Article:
Local people help ShelterBox in Lebanon
It's the two-year anniversary of the start of the Syria unrest. It began on 15 March 2011 with nationwide protests following arrests in the southern city of Deraa. Up to 70,000 people have been killed in Syria and over one million have fled their homes and are now left with nothing.
Of the five countries currently hosting Syrian refugees the small nation of Lebanon is hosting the highest number. According to its President, Mr. Michel Suleiman, one in four people in his country is now a refugee. At the request of the government, ShelterBox has been helping the more vulnerable families in the country. To do so, ShelterBox Response Teams (SRTs) have been working with a large number of local implementing partners to assist a refugee population that is growing at a rate of 2,000 per day.
SRTs have been collaborating with 27 implementing partners throughout Lebanon. They were introduced to each other by Rotaractor Belal al Ayoubi who has been providing invaluable assistance to ShelterBox's responses in Lebanon and in Iraq.
Each group is based in its own community and most have been doing humanitarian work since before the conflict began over two years ago. They keep detailed records, updated daily, of the refugees staying in their areas. This information has helped ShelterBox bring emergency winterised shelter to those people most in need.
The implementing partners include Scout groups, municipalities, grassroots non-governmental organisations and Lebanese families. Through their assistance, ShelterBox has been able to focus on families whose members have serious vulnerabilities including chronic illnesses, injuries, pregnancies and extremes of age.
'We are working with a very dynamic family that has been doing humanitarian work in the Northeast of the county,' said ShelterBox Operations Coordinator Phil Duloy (UK/US).
'They have helped us to distribute aid in a particularly remote area that is something of a no-man’s land in which people can hear bombs exploding in the areas from which they have just arrived. It is a place where no one wants to live. It is safer than Syria but it experiences frequent sandstorms and sub-zero temperatures. Most of the refugees living here were hoping only to pass through it on their way to more hospitable areas. Those who have stayed have done so as they do not have passports, which are required to enter Lebanon- many of the refugees lost them on the way or had them destroyed in the fighting. Many are injured. They live in cold, drafty and damp makeshift shelters. Without our implementing partners, we would not have had access to the people in massive need here.'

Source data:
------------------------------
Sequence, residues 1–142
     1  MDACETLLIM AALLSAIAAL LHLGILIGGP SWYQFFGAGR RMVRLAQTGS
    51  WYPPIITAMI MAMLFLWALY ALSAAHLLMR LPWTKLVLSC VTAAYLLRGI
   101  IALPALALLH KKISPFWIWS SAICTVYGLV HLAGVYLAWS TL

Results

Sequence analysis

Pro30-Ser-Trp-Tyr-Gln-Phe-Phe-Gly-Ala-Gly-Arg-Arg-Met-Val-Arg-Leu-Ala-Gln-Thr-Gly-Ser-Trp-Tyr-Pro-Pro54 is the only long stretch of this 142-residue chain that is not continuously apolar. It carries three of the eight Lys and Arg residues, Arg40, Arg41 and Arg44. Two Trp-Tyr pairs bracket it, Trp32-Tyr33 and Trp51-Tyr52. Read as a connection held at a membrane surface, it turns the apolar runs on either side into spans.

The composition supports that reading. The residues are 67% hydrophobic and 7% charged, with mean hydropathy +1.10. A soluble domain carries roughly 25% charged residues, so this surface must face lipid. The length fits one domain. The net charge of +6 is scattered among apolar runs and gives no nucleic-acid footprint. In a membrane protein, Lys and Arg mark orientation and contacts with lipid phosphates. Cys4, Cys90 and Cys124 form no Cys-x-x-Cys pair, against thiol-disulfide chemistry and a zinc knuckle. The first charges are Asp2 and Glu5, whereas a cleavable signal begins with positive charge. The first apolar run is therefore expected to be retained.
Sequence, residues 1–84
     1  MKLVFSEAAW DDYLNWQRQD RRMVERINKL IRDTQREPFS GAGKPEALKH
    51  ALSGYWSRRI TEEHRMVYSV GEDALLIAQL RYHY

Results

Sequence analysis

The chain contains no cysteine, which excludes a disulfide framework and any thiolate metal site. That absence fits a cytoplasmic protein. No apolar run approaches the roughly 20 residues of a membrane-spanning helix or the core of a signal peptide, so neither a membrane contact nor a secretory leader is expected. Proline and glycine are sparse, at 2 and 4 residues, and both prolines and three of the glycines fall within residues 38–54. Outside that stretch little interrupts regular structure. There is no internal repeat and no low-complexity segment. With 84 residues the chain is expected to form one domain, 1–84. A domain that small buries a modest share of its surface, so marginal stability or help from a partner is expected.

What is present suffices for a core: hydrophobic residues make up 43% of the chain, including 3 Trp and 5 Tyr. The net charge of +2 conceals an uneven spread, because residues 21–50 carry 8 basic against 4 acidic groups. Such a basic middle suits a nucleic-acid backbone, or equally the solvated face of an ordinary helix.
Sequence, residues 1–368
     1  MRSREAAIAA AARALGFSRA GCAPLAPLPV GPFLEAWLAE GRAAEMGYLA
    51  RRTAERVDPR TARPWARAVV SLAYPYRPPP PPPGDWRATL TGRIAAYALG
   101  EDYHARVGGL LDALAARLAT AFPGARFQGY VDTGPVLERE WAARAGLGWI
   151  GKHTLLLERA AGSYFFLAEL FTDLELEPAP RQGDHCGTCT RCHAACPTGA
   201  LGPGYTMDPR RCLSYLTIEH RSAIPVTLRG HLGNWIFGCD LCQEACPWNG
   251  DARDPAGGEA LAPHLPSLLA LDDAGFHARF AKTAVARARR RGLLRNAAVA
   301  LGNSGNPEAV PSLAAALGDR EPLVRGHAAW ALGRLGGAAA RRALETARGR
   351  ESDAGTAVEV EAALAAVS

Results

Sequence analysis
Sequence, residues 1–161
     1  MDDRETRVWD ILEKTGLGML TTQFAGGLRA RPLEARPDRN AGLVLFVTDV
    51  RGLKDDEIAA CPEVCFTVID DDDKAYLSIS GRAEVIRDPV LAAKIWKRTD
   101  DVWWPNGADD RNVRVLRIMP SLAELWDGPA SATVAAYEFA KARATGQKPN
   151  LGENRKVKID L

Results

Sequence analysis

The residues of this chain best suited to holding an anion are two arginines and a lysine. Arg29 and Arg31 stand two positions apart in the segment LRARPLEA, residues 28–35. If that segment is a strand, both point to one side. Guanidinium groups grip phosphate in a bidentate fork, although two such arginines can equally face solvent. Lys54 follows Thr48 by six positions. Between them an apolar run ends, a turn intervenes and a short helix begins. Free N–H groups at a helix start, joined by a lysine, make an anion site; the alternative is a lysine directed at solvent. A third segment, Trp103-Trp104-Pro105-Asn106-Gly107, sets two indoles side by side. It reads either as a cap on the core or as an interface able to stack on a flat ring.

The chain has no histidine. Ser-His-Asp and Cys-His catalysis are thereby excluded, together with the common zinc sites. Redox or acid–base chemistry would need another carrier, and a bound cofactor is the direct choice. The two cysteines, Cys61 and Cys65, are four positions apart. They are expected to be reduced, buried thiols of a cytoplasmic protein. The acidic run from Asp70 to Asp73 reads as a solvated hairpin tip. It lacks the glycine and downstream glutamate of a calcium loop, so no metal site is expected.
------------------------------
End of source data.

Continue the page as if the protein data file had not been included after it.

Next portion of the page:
'For security reasons, the boxes can only be transported in small consignments in inconspicuous vehicles,' commented SRT member Gerry de Vries (NL). 'This is now being done with local vehicles and local drivers at the most reasonable cost. The total area to be covered is vast and, again, local knowledge is indispensable in delivering the boxes effectively.
'Security is always a concern, but with the close involvement of representatives of the local police and others, this is now managed as tightly as humanly possible. In addition, the partners can go into areas where ShelterBox would be unwise to venture.
'Moreover, there is a very significant, and rising, gap between the need for and the availability of emergency shelter. It was inspiring to see the integrity, seriousness, commitment and diligence displayed by key members of some local implementing partners when discussing and deciding which families were the most vulnerable and therefore most deserving of the very scarce aid; An important, often painful and at times heart-breaking role, which only they can fulfill.'
A Scout group in the southern Bekaa Valley is another implementing partner. It has a good knowledge of issues affecting the area and has developed a registration system that identifies the most needy families from those who have already received aid as well as what need is still necessary.
'It is great to see the enormous amount of time and effort these people are willing to give to help families that arrive in their community having lost everything in the conflict and are traumatised or ill,' added SRT member Anne Seuren (NL).
'The situation in the Bekaa Valley is rough and there aren't many places for the refugees to stay. By setting up these ShelterBox tents, the Scout group can immediately lodge families that often arrive in the middle of the night with small children, until they find a more permanent home.'
Many Lebanese people in the south of the country were refugees themselves during the 2006 war against Israel, where many sought safety in Syria.
'Some people tell me here that they were so well looked after by the Syrians that they wish to repay them by looking after them now during their time of need,' said Phil. 'Amongst all the sadness here, it's good to hear about this reciprocal kindness.'
ShelterBox continues to work in partnership with this extensive network of implementing partners, enabling each party to concentrate on its own strength and bring unique resources, knowledge and experience to bear in difficult situations. This maximises both the effectiveness and efficiency of the delivery of shelter and other lifesaving supplies to vulnerable refugee families.